Sadako DX

Oji (Kazuma Kawamura) and Ayaka (Fuka Koshiba) attempt to solve a familiar mystery in Sadako DX.

Despite being a phenomenon in Japan and around the world for more than 25 years, J-horror has yet to produce a full-fledged parody film in the vein of the Scream or Scary Movie franchises. Sure, there’s the delightful One Cut of the Dead (2017), but that’s more of a parody of Japan’s indie film scene. And the Ring film franchise, which stretches across more than ten films, continues to mostly treat its subject with sincerity and seriousness. Ironically, the commercials and other promotional materials for the Ring films over the past ten years have not been afraid to go full parody. I’ve often found this marketing—which has included parody commercials, heavy metal music videos with dancing Sadakos, and tongue-in-cheek Instagram accounts for the characters—a lot more fun than the actual films, which just tend to trot out the same plots and images without going for genuine scares.

While not a full-on parody or comedy, Sadako DX (directed by Hisashi Kimura, with a script by Yuya Takahashi) does seem to finally be willing to experiment with a bit of meta-commentary and wry humor. It’s a vast improvement over more recent offerings like Sadako (2019), Sadako 3D (2012), and Rings (2017), if only because it’s interestingly shot, tightly structured, and coaxes fun performances out of its leads. It also dispenses with most of the original film’s lore, simply presenting Sadako as a presence on a videotape who curses those who come into contact with her. Which is welcome, really—I for one don’t need to hear Sadako’s origin story for the tenth or fifteenth time. 

The plot involves super-smart grad student Ayaka (Fuka Koshiba), essentially playing a version of Sherlock Holmes, who ends up on a TV show opposite a famous spiritual medium known as Master Kenshin (Hiroyuki Ikeuchi). Kenshin claims that curses exist and that a recent spate of unexplained deaths can be attributed to Sadako’s cursed videotape. Ayaka counters that there’s a scientific explanation for everything. But then Ayaka’s sister Futaba (Yuki Yagi) watches the video and begins seeing strange apparitions, and suddenly it’s a race against time to solve the mystery before Ayaka and everyone around her (including wannabe pickup artist Oji [Kazuma Kawamura])  end up victims of the curse.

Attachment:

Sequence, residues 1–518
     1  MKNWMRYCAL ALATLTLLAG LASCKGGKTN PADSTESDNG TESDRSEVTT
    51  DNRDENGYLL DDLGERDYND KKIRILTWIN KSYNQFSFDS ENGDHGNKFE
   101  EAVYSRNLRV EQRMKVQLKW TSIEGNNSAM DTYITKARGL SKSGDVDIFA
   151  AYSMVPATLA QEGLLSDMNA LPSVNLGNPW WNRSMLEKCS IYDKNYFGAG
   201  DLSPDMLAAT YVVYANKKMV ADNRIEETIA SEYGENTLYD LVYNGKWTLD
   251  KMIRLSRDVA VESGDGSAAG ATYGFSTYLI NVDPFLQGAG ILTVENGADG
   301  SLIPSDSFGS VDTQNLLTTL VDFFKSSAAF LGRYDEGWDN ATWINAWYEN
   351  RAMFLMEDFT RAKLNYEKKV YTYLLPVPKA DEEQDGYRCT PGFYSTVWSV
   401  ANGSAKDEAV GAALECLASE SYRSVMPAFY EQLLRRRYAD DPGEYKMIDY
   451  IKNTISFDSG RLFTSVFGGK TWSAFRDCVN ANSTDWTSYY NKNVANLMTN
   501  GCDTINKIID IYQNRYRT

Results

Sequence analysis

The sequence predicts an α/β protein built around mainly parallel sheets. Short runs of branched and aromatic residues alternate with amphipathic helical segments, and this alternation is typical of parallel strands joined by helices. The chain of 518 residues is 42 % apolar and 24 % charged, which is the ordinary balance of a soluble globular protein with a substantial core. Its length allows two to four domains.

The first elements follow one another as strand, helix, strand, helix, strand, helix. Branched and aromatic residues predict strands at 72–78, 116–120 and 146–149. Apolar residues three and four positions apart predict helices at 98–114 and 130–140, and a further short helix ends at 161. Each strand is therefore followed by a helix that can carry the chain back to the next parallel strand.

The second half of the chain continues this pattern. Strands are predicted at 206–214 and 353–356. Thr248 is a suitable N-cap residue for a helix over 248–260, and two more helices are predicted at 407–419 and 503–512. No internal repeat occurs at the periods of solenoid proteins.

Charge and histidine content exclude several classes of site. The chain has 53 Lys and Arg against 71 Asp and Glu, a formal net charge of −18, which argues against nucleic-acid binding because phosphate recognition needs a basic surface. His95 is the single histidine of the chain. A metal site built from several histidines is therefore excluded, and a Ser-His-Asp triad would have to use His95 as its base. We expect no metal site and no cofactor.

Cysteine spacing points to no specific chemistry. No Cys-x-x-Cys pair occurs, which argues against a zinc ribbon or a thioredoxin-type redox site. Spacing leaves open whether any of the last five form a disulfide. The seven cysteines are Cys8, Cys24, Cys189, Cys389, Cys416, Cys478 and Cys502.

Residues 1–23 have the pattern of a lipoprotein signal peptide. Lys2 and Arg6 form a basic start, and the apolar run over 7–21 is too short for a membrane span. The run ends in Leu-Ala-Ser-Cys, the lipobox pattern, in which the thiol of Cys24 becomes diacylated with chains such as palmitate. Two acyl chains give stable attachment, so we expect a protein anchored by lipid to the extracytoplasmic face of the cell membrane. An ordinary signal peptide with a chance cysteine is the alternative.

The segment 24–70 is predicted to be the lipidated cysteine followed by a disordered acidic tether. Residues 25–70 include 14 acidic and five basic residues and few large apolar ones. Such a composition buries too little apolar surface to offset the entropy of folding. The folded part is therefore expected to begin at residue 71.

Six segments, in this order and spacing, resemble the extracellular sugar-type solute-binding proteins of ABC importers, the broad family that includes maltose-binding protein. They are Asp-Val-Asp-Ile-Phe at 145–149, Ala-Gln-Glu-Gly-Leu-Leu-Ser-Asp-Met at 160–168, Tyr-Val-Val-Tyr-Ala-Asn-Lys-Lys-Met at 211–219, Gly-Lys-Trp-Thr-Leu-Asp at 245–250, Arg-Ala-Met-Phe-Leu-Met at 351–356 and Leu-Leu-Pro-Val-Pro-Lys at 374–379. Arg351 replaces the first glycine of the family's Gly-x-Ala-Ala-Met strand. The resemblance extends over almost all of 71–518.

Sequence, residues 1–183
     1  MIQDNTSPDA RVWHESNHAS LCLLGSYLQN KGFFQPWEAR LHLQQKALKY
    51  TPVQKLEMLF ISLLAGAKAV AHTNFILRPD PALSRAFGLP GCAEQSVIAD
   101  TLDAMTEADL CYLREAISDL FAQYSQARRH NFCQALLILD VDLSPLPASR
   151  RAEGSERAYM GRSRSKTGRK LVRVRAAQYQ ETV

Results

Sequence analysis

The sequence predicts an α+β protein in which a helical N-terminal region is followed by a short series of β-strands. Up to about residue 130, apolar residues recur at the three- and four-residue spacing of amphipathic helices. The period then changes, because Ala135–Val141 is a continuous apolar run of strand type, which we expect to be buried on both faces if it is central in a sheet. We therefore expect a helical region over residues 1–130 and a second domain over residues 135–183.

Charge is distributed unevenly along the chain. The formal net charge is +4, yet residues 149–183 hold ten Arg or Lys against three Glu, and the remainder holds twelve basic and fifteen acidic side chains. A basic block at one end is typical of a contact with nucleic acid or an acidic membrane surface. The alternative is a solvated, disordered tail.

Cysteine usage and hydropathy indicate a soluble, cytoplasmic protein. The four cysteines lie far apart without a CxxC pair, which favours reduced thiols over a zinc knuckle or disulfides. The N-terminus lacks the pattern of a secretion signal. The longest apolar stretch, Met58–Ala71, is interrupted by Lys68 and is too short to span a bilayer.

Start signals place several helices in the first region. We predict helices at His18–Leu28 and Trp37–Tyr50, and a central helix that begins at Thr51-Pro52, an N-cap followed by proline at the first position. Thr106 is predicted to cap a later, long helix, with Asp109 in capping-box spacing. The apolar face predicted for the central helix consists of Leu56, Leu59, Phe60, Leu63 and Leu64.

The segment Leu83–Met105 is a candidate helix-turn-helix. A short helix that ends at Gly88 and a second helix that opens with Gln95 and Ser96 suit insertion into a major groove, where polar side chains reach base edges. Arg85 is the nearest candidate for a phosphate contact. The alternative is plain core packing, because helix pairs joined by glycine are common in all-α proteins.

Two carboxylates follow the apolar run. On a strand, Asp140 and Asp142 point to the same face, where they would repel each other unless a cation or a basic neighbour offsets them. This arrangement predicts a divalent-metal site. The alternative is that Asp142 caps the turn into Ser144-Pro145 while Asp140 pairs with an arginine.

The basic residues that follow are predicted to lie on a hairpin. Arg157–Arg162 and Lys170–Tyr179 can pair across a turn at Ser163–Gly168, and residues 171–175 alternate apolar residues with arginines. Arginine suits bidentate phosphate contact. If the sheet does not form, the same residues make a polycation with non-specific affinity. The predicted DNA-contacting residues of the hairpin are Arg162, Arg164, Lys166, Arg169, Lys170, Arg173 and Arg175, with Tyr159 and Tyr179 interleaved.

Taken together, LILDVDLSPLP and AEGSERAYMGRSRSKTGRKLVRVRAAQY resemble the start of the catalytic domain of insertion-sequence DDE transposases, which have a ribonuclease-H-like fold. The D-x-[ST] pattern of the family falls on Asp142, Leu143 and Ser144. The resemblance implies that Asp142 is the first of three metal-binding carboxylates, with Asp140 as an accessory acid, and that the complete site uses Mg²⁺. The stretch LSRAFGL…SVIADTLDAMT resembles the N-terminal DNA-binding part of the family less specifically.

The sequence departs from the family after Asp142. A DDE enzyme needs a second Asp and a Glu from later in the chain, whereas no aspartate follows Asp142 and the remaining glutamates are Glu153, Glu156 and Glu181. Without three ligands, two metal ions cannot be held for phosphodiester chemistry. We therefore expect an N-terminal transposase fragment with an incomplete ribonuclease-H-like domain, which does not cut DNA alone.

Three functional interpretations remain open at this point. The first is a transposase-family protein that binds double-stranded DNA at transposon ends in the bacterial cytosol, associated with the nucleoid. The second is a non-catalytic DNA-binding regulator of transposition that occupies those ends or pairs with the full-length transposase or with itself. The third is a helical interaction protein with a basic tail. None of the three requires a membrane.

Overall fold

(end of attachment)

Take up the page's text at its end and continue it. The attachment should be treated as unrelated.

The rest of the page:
There’s not much that’s groundbreaking here, but the movie has a lot of interesting touches. As the male lead, Kawamura does most of the terrified shrieking, while Koshiba gets to be dispassionate throughout. I kind of liked her flat affect, which plays well off of everyone else’s tendency toward over-the-top fear, and she has great comic timing. There’s a running gag involving “cat scares” and a person in an oversized animal mascot costume, as well as one in which Oji keeps thinking he sees Sadako, but it turns out to be a waitress or a random woman in a white dress. A side character who refuses to show his face and uses different animal avatars online also provides a few laughs.

The film isn’t afraid to borrow extensively from all areas of pop culture. This time around, Sadako occasionally takes the form of a victim’s loved ones (both living and dead), and their slow-moving bodies immediately reminded me of the emotionless figures in It Follows (2014). As different characters in the film watch the cursed video, we see a countdown clock in the corner of the screen and the distinctive countdown noise from the TV series 24. The references to different types of internet-famous charlatans also feel very timely. 

The Ring films have always been uneasy about both analog and digital media, with not-so-subtle messaging about the dangers of spending too much time watching TV, scrolling for spooky videos on your phone, or trying to become a famous YouTuber. This time, though, the depictions of how social media works are finally a bit more on the nose (and the fact that the curse takes effect after only 24 hours instead of 7 days feels appropriate, given our ever-shortening attention spans). I was annoyed that, near its end, Sadako DX seemed to be pushing a sort of moralistic message about how everything will be all right if we just watch our content in groups instead of alone, but thankfully that’s the sentiment that ends up being parodied the most (during a hilarious end credits sequence that you definitely don’t want to miss). 

I’ll admit that my expectations were very, very low for Sadako DX, though as usual I’ve enjoyed Kadokawa’s creative marketing efforts (a theater pamphlet designed to look like a VHS cassette, a collaboration with Hello Kitty, a goofy video clip on the 3D screen near Shinjuku station). This time, at least, some of that quirky marketing energy actually made it into the film. It would be nice if contemporary J-horror films could be, you know, scary, but if I can’t get scares I’ll take a little humor. Sadako DX isn’t brilliant, but it’s fun and creative, and it hopefully indicates that J-horror is moving in a more interesting direction.

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